I am writing a mobile Android and iOS game. This game is similar to Doodle Jump, but without scrolling. In my game I display a background image that should cover the entire screen. On top of that I draw some 32x32 tile images that make up the platforms. I have three control buttons that are displayed at the bottom of the screen. The score is displayed at the top of the screen.

I am trying to ensure that this game will work on any resolution and can be rotated from landscape to portrait mode and vice versa. The player should be able to change orientations without losing sight of any platforms.

I have found several methods for doing this, however they only seem to work if you lock the orientation or skew the images.

  • Scaling the content
    Won't work because it will skew images too much and look unprofessional.

  • Scaling the content and keeping the aspect ratio via letterboxing
    The black bars that this introduces can become overwhelming. For example, if I rotate a 960x640 resolution device to portrait, the new resolution will be 640x960. When I tried implementing this, it gave me horrible results.

Portrait: enter image description here

Landscape: enter image description here

  • Scaling the x,y axis with separate values

    scaling factor (on x-axis) = screen width in pixels / target width in pixels
    scaling factor (on y-axis) = screen height in pixels / target height in pixels

    This method changes the bounds of the coordinate system, which I am trying to avoid.

  • Using a virtual viewport
    I like this idea, however it still doesn't seem to work with orientation changes. The variation of aspect ratios seems to be to large when you try this approach for landscape and portrait.

Some good links I found on the topic can be found here

I have also thought about only stretching the background image and recalculating the new positions for everything else (player and platforms) when the orientation changes. However, I'm not sure how this would affect collision detection and jumping in real-time. I would rather solve this with a different technique if possible.

It seems like most people just lock their game in one orientation. I am trying to avoid this, if possible.

The bottom line is that all of the methods I listed look to only solve the resolution issue if you lock the orientation. Is there a way I can support both orientations?

  • \$\begingroup\$ Doesn't one of your orientations automatically already use letter boxing or how does it look compared to the other orientation. I mean technically you're flipping from wide to narrow for one axis and vice versa for the other. If you want to avoid letter boxing and have the option to include a camera matrix, that might do the trick. \$\endgroup\$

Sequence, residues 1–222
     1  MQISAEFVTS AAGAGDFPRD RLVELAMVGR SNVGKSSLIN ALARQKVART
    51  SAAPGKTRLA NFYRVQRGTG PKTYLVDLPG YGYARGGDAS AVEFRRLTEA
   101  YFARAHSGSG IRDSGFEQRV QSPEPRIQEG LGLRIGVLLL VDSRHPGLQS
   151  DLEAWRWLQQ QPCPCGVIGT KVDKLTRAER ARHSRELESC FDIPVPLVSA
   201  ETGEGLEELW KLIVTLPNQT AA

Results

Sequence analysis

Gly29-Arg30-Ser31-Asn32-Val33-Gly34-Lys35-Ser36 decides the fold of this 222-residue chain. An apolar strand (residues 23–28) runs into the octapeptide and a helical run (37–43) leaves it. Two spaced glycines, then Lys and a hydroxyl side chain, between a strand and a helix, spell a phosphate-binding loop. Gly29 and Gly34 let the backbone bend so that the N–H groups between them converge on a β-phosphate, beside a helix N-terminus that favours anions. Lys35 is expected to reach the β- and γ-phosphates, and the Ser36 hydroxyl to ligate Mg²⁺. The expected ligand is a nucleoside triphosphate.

– Muhwu
    Apr 1, 2014 at 12:15

1 Answer 1


I think that your constraints of "don't letterbox" and "support the same viewable area in both orientations" are irreconcilable. I think you need to relax one of those constraints somewhat, and then your question devolves into the already-asked-and-answered question of handling multiple resolutions (see the "Related Questions" sidebar for a collection of links).

That said, I think how you relax those constraints is an interesting topic on its own. Obviously you can't relax "support both orientations" much. That's a binary issue: you either support them or you don't.

But the letterboxing and viewable area issues are more flexible. Since your game will be relatively unique in supporting both orientations (most games require one or the other), you should further emphasis this point by incorporating some unique gameplay aspects that leverage the decision of which orientation to use. Some things to consider:

  • Fill the black letterbox UI with additional, useful UI in portrait mode. Add score multipliers for finishing the level without this "assistant" UI.
  • Show less of the playfield horizontally and more vertically when in portrait, and make some levels taller than they are wide. Add score multipliers for finishing levels in the "awkward" orientation.
  • If "taller" levels don't make much sense, zoom in a little during portrait mode (still clipping horizontally a bit) but slow down time to compensate for the shorter visual range.
  • Further, perhaps portrait mode "pauses" the action entirely, showing controls for selecting different brushes or whatever for painting on the level. So you switch to portrait, paint your platforms, and switch back to landscape.

And so on. By combining some of the above (or coming up with better tweaks more suited to the overall vision of your game), you can leverage what appeared to initially be a disadvantage into something that highlights the uniqueness of your game.


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